Workers on boards could just be the start for expanding Britain’s co-operative and mutual sector, explains Gareth Thomas
Navy Federal Credit Union and Redwood Housing Co-operative are two organisations that prove that co-operatives can change the world. For 40 years the economy has often looked like a one-way street. The interests of those who own Britain’s businesses too often look like they are different to those of staff, customers and local communities.
Navy Federal Credit Union is the world’s largest credit union with billions of dollars in assets, offering some of the best financial services at the cheapest rate to United States military personnel, from Navy Seals to army cooks and veterans’ families. They have helped to stop payday lenders exploiting soldiers and sailors by offering cheaper loans and a better all-round service. American military personal also get to have a say in how the credit union operates, so instead of a faceless uncaring bank they can join a co‑operative and help to decide how the financial services they need or depend on should be offered and at what cost. Imagine if banking in Britain was democratised in the same way.
Navy Federal are the model for more and more credit unions in the United Kingdom who are looking to expand to offer faster and better low-cost services to more and more people. The Bristol Credit Union is already at 11,000 members and looking to almost treble their membership over the next five years. In the US, Canada, Australia and Ireland, more than a quarter of the population are credit union members.
A different kind of economy is possible and credit unions and other co-operatives will be an essential part of correcting the malaise in the British economy that has led to a culture of long hours, low productivity, low pay and insecurity. Why should more staff not have more of a say in the big strategic decisions affecting the businesses they work for? In Germany and Scandinavia it is routine for companies to put one, two or three employees on their boards and other key committees of the business.
Shadow chancellor John McDonnell’s announcement at Labour party conference to give employees a say in how companies are run – by requiring boards of large companies to reserve at least one-third of their seats for workers, and to introduce employee ownership schemes to companies with over 250 employees – is hardly radical, despite the inevitable protests. Many of the biggest business names in the UK, such as Ikea, Deutsche Bank and John Lewis, already have workers on their boards. Employee ownership is increasingly seen as a sensible next step for increasing productivity. Whisper it quietly, but Theresa May also once supported the idea of workers on boards.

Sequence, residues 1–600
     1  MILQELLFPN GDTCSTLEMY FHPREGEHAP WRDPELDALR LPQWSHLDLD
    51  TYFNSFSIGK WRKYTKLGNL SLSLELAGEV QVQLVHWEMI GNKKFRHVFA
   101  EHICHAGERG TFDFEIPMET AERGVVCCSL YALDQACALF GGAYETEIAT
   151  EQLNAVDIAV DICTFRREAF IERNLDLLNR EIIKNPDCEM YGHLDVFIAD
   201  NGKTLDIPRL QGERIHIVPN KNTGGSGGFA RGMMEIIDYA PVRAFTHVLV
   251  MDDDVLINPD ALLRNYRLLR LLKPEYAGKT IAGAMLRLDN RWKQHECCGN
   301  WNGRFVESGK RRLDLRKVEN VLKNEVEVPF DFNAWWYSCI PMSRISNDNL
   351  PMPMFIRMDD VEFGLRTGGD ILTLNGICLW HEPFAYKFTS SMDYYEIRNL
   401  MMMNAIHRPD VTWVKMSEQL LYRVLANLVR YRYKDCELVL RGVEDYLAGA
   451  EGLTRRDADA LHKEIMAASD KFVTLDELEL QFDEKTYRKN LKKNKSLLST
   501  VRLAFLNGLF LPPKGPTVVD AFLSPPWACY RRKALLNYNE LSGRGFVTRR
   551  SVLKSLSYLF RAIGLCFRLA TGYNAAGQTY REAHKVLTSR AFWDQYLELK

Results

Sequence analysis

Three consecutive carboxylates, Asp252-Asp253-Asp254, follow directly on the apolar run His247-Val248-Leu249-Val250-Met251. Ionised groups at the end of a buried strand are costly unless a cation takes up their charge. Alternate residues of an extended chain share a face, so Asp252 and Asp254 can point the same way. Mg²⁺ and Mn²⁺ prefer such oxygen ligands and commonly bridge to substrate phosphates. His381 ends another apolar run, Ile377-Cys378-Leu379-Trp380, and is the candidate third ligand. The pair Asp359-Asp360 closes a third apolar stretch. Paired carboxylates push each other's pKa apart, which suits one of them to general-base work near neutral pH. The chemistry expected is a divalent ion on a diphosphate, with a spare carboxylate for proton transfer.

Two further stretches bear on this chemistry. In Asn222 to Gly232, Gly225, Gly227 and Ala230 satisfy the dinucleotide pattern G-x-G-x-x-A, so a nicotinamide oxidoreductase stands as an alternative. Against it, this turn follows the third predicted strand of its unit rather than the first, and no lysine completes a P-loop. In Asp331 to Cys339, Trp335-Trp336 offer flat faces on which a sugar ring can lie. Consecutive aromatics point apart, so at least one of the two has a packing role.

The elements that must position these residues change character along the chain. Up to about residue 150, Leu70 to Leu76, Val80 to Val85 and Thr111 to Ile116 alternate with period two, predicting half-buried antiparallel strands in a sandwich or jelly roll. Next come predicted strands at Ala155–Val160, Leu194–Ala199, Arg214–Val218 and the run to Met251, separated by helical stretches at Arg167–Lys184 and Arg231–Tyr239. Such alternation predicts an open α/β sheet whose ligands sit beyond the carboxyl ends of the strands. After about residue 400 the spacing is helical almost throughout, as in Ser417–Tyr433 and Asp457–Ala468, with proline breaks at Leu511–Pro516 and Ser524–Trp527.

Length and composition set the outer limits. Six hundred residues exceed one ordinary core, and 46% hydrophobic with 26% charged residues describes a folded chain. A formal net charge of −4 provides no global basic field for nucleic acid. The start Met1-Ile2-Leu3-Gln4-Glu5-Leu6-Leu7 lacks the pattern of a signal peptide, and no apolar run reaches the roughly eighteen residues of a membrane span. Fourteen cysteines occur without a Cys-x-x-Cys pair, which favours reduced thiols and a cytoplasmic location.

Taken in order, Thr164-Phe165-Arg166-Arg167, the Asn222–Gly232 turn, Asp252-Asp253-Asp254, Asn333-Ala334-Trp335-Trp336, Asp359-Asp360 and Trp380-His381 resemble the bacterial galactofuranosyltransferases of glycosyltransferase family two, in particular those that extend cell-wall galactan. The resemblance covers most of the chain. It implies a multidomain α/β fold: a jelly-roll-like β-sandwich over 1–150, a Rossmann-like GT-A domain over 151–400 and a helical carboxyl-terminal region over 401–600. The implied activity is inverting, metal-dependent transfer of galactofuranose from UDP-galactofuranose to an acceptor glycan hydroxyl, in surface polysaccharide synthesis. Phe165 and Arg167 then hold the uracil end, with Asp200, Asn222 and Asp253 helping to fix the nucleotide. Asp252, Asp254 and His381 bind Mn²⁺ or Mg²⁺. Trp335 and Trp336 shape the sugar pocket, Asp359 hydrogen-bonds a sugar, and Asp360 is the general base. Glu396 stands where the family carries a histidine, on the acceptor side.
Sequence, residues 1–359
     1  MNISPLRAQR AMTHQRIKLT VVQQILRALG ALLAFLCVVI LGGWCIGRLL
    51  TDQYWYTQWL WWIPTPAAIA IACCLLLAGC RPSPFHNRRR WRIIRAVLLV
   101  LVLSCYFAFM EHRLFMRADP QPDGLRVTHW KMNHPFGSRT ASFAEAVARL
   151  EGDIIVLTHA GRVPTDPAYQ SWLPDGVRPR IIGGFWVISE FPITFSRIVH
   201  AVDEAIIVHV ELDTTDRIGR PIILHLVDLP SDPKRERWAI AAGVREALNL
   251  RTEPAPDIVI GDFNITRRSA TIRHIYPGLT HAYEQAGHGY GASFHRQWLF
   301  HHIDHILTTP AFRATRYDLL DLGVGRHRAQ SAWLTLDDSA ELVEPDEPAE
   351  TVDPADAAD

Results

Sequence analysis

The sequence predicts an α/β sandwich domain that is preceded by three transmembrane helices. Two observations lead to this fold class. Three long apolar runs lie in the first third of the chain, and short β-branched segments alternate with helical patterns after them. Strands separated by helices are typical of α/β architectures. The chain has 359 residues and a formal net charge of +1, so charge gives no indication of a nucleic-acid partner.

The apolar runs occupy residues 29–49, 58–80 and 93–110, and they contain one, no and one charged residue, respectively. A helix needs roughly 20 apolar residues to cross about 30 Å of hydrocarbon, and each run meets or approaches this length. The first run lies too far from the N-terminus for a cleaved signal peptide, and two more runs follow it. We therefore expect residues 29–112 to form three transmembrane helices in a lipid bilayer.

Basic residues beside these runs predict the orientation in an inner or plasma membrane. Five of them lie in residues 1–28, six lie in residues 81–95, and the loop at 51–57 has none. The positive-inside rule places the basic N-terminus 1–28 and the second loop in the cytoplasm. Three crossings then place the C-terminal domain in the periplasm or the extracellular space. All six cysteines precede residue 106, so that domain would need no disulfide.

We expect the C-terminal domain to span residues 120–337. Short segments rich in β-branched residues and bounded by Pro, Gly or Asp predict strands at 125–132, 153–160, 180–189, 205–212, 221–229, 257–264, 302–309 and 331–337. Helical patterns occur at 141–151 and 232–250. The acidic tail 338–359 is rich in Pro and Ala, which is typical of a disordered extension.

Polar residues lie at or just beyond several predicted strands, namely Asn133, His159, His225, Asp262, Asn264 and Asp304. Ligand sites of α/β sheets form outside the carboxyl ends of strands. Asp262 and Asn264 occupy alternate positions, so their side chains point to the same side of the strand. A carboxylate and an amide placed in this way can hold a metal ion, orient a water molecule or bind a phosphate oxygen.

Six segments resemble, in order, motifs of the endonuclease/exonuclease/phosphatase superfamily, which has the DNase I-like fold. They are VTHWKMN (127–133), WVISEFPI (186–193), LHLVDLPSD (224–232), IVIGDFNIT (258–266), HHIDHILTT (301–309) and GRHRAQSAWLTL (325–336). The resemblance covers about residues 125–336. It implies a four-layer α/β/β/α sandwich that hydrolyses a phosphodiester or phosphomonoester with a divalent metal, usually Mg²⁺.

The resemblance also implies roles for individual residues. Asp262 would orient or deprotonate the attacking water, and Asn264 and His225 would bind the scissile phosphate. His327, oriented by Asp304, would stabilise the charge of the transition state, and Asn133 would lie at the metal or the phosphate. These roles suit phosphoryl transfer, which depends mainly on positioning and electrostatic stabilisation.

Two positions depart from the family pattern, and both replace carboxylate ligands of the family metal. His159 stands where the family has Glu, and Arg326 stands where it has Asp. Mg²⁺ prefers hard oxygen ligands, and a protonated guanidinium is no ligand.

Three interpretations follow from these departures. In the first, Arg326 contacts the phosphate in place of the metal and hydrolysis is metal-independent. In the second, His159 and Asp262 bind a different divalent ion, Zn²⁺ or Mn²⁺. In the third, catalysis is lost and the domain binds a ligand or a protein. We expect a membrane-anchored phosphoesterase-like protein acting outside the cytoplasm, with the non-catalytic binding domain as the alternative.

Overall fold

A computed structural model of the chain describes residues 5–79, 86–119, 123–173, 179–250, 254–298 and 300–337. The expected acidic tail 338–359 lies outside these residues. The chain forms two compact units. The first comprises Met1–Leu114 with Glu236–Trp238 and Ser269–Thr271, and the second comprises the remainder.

We want a Labour government to deliver on its commitment to support measures to double the size of Britain’s co-operative and mutual sector to bring us into line with the Organisation for Economic Co-operation and Development average. As the New Economics Foundation highlighted, if only five per cent of business who are set up over the next three years, to undergo a transfer of ownership were supported to make the transition to employee ownership or one of the other mutual or cooperative models available in the UK, then the number of staff‑owned businesses would double.
Why not also convert more of our utilities to mutuals or co-operatives? Despite the promised energy cap, energy bills keep rising and the big five energy companies are still making excess profits. Giving control over the energy we need to ordinary people and helping them get a direct financial benefit from investing in renewable energy are some of the benefits of energy co-operatives, which despite government cuts in support are growing fast.
And what about water? Water bills have risen 40 per cent in real terms since privatisation and £18bn has been paid out in profits, often to foreign owners. Labour has announced plans to bring the water companies back into public ownership. Converting them into mutuals would be in line with Labour’s commitment but would also allow these new ‘people’s water’ businesses to access the money they need to invest in tackling leaks regardless of which party was in power.
If there were any doubts about the power of co-operatives to change the world, Redwood Housing Co-operative located in London’s Oxo Tower; the iconic remnant of London’s docklands on the South Bank of the River Thames, is proof. Their flats house one of the most diverse groups of local people you are likely to find were built by locally owned Coin Street Community Builders and they charge some of the lowest rents in London, in one of the most desirable locations in the capital.
Coin Street Community Builders, that supports Redwood, transformed the lives of local people by using co-operation first to fight off a big corporation who wanted their land for a giant hotel, and then by building social housing and other local services creating jobs, a nursery and so much more for local residents.
Co-operatives exist to share risk, power and reward. They are more democratic and accountable forms of business that, again by nature, cannot sell equity on capital markets and so are beyond the influence of big corporate shareholders. Recent studies have shown them to be more enduring and resilient in the face of market disruption, more profitable, more productive, and happier and longer lasting than non-cooperative forms of enterprise. Their ownership structure aims to ensure people – whether producers or consumers – have a genuine, democratic stake in their enterprise, and share in the wealth they create. In short, they encourage enterprise and working together. They are radical, but business friendly and they are what our country needs.
Gareth Thomas is member of parliament for Harrow West and chair of the Co‑operative party
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